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My derivation is as follows.

  1. The total KE, $T_r$ for a rigid object purely rotating about an axis with angular velocity $\bf{ω}$ and with the $i$th particle rotating with velocity $ \textbf{v}_{(rot)i} = \textbf{r}_i \times \textbf{ω}$, (summing over the i'th particle) is $T_r = \frac{1}{2}m_i|\textbf{r}_i \times \textbf{ω}|^2$, as long as the origin passes through the axis of rotation.

  2. Let's decompose these using a coordinate system with 3 arbitrary orthogonal unit vectors, whose directions have subscript (1,2,3), and expand the brackets. The result can be shown to be $T_r = \frac{1}{2}I_{ij}ω_iω_j$ summing from $i,j = 1$ to $3$, and where $I_{ij}$ are elements of the moment/product of inertia tensor in the given coordinate system.

This seems like the standard expression for rotational kinetic energy. The only assumption was that the object has a constant rotation and that our chosen origin lies on the axis of rotation.

  1. Now let's boost the object with a velocity $\textbf{v}_o$. The total velocity is now $\textbf{v}_o + \textbf{v}_{(rot)i}$ so the total KE is $\frac{1}{2}Mv_o^2 + T_r + m_i \textbf{v}_o \cdot({\textbf{r}_i \times\textbf{ω})}$

It seems to me that the third term is not trivially zero. If it is, can anyone show this? If not, then why do we simply add rotation and translation energies in mechanics?

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  • $\begingroup$ Where are the summations of which you speak? $\endgroup$
    – Gert
    Jun 15 '20 at 18:22
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You're right that the third term does not generically vanish. The key element in decomposing the kinetic energy into rotational and translational parts is that you calculate the rotational kinetic energy about the center of mass.

If the center of mass of the object is at the coordinate origin, and $\mathbf r_i$ is the position of the $i^{th}$ mass, then everything proceeds as you suggest. The velocity of the $i^{th}$ mass is $\mathbf v_i = \mathbf r_i \times \boldsymbol \omega$, and so the total kinetic energy is

$$T = T_r = \sum_i\frac{1}{2} m_i (\mathbf r_i\times \boldsymbol \omega)^2$$

If we perform a boost, then we would have that $\mathbf v_i = \mathbf (r_i-\mathbf R) \times \boldsymbol \omega_{CM} + \mathbf v_0$, where $\boldsymbol \omega_{CM}$ is the angular velocity about the center of mass and $\mathbf R$ is the position of the center of mass. This would give us

$$T=\sum_i\frac{1}{2}m_i\left([\mathbf r_i -\mathbf R]\times\boldsymbol \omega_{CM} + \mathbf v_0\right)^2$$ $$= \sum_i\left\{ \frac{1}{2}m_i\big([\mathbf r_i - \mathbf R]\times \boldsymbol \omega_{CM}\big)^2 + \frac{1}{2}m_i \mathbf v_0^2 + m_i \mathbf v_0\cdot [\mathbf r_i-\mathbf R]\times \boldsymbol \omega_{CM}\right\}$$ The first term is the rotational kinetic energy about the center of mass. The second term is the translational kinetic energy, calculated as though the entire mass $M$ were concentrated at the center of mass position. The third term vanishes because if we sum over masses,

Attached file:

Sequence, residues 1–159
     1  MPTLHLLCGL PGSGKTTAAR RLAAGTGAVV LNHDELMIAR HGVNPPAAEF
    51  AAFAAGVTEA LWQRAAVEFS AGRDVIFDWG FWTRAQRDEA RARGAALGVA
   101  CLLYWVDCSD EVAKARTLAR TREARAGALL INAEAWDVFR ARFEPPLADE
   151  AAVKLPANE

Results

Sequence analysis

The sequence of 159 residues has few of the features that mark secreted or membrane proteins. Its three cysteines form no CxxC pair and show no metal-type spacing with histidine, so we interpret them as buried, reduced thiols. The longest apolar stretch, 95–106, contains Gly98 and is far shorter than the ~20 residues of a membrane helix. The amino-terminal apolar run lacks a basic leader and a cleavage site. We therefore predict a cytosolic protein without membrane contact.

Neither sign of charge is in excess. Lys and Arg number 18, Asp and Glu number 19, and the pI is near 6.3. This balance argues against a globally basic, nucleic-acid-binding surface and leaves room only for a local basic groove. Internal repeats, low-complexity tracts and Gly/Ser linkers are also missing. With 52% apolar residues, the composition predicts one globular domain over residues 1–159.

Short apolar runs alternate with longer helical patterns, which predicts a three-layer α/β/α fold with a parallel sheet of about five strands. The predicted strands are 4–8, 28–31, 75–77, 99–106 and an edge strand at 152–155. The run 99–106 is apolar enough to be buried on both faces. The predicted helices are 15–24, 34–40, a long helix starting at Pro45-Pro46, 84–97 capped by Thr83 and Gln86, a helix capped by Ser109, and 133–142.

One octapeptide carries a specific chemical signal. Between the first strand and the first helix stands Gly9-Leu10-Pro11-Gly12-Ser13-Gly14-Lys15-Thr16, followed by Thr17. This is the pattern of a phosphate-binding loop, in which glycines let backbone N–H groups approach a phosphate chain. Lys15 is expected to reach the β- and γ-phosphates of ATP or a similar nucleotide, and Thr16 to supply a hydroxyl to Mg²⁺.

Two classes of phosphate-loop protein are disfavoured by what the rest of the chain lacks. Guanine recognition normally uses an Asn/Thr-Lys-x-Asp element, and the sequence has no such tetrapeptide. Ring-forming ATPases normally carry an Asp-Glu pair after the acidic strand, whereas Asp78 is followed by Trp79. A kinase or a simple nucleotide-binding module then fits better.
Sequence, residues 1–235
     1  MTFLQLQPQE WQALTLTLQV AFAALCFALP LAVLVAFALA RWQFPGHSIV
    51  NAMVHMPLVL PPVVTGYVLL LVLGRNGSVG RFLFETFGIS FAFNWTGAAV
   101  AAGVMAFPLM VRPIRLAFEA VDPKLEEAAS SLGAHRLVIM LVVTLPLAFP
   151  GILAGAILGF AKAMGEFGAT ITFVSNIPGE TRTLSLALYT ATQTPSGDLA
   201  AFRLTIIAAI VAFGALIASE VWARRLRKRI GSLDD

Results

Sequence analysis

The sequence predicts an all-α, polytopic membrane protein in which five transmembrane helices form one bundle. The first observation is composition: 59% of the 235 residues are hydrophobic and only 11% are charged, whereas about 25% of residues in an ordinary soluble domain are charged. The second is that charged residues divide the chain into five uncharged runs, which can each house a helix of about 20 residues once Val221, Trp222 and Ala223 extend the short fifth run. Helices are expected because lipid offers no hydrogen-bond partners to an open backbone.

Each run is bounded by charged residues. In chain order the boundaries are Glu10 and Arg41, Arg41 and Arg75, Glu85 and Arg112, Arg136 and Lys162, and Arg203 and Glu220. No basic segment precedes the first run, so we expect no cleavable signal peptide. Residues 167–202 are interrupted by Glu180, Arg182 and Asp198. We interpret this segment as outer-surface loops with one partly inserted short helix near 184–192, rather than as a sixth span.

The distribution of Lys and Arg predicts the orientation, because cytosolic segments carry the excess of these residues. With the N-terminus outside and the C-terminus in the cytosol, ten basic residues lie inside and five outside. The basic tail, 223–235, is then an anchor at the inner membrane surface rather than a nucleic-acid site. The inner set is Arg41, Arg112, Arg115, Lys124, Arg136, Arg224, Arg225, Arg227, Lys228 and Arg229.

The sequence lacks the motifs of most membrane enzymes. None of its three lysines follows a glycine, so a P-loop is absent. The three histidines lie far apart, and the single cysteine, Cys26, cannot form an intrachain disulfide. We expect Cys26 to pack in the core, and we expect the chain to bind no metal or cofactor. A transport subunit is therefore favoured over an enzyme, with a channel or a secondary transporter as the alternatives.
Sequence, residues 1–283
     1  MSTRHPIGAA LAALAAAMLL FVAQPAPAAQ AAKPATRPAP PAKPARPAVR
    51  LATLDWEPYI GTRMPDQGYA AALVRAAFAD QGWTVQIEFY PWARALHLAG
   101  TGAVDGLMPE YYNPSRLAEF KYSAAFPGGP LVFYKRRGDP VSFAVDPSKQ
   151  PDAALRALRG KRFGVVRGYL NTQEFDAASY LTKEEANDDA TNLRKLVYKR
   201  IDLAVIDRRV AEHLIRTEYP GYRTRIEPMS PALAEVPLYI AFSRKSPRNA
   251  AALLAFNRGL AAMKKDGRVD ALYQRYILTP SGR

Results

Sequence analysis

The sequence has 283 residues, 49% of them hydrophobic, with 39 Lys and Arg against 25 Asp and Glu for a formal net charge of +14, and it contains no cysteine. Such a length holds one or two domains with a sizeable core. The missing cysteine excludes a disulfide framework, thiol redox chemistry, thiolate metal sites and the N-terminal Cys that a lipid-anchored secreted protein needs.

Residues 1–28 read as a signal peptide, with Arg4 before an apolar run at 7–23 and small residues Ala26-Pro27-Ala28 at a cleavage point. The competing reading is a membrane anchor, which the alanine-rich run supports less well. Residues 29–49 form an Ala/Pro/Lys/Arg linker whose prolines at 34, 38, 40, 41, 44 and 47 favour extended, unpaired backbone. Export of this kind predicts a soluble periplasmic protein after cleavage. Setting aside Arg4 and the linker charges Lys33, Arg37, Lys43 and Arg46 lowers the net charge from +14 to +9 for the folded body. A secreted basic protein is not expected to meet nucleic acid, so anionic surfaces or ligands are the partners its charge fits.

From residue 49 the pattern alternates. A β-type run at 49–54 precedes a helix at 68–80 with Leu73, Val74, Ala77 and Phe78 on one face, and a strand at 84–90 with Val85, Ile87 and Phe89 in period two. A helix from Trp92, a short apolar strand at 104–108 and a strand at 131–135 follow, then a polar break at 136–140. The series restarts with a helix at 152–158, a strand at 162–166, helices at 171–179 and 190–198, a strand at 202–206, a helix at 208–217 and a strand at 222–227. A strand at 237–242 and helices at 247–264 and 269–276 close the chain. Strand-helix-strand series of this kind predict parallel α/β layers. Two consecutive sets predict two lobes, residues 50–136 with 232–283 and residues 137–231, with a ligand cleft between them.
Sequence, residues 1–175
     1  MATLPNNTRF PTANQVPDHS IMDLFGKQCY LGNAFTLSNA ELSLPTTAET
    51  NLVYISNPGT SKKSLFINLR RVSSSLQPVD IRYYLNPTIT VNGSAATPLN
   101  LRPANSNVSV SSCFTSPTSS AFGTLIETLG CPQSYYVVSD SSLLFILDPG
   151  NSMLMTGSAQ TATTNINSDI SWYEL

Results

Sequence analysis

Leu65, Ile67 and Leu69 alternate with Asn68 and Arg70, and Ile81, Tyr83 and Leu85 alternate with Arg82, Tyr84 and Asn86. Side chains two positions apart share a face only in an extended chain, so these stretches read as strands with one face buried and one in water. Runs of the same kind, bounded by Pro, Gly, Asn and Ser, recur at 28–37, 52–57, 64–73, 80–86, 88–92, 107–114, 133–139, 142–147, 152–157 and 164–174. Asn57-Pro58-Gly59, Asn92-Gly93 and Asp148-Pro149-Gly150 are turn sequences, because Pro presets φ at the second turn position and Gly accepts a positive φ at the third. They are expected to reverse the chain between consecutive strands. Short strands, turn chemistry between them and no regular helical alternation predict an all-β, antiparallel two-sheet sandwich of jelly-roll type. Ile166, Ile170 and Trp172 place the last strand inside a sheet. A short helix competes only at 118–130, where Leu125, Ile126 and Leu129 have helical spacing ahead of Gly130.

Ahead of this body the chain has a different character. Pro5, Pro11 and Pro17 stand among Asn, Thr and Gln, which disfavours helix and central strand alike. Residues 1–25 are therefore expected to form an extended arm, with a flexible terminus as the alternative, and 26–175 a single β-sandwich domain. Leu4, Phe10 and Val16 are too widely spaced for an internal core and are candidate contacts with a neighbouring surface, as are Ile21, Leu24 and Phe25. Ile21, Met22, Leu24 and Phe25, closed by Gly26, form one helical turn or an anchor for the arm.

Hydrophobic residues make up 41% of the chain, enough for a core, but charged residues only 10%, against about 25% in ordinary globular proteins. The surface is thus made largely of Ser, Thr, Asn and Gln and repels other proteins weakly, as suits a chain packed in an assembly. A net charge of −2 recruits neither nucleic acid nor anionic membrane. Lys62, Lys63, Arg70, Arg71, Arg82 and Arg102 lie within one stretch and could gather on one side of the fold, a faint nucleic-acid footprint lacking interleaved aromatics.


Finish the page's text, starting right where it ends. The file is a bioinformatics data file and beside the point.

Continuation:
$$\sum_i (m_i\mathbf r_i - m_i \mathbf R) = M\mathbf R - M\mathbf R = 0$$.

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  • $\begingroup$ What about the KE of an object in a situation where the axis of rotation does not pass necessarily through the c.o.m? We know that for any rigid body, there must be an instantaneous axis of rotation, but we do not know that this passes through the centre of mass because there may be external forces acting. $\endgroup$
    – user86425
    Jun 15 '20 at 22:50
  • $\begingroup$ For example, take a gyroscope modelled as a spinning cone under gravity with its apex fixed on a table. The c.o.m lies on the axis of the cone however the axis of rotation keeps moving and the apex of the cone is therefore a suitable origin, but the centre of mass does not pass through the axis of rotation due to rotation about the vertical z axis. $\endgroup$
    – user86425
    Jun 15 '20 at 22:51
  • $\begingroup$ @lucky-guess I'm not sure I understand your question. If you don't calculate the rotational kinetic energy about an axis through the center of mass, then the total kinetic energy does not neatly decompose into a rotational part and a translational part. You're free to do it anyway, of course. $\endgroup$
    – J. Murray
    Jun 15 '20 at 23:25
  • $\begingroup$ it's just that the rotational part may not be well defined around the centre of mass, as in the case i previously discussed. But i guess then the third term is easily tractable as $M v_o \cdot{ (w \times{r_{c.o.m}})}$ $\endgroup$
    – user86425
    Jun 16 '20 at 13:44
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    $\begingroup$ @Dude156 Squaring stuff is how you find magnitudes. I used the fact that $(\mathbf A +\mathbf B)^2 = (\mathbf A +\mathbf B)\cdot (\mathbf A + \mathbf B) = \mathbf A\cdot \mathbf A + \mathbf B \cdot \mathbf B + 2\mathbf A \cdot \mathbf B$ $\endgroup$
    – J. Murray
    Nov 3 '20 at 13:14

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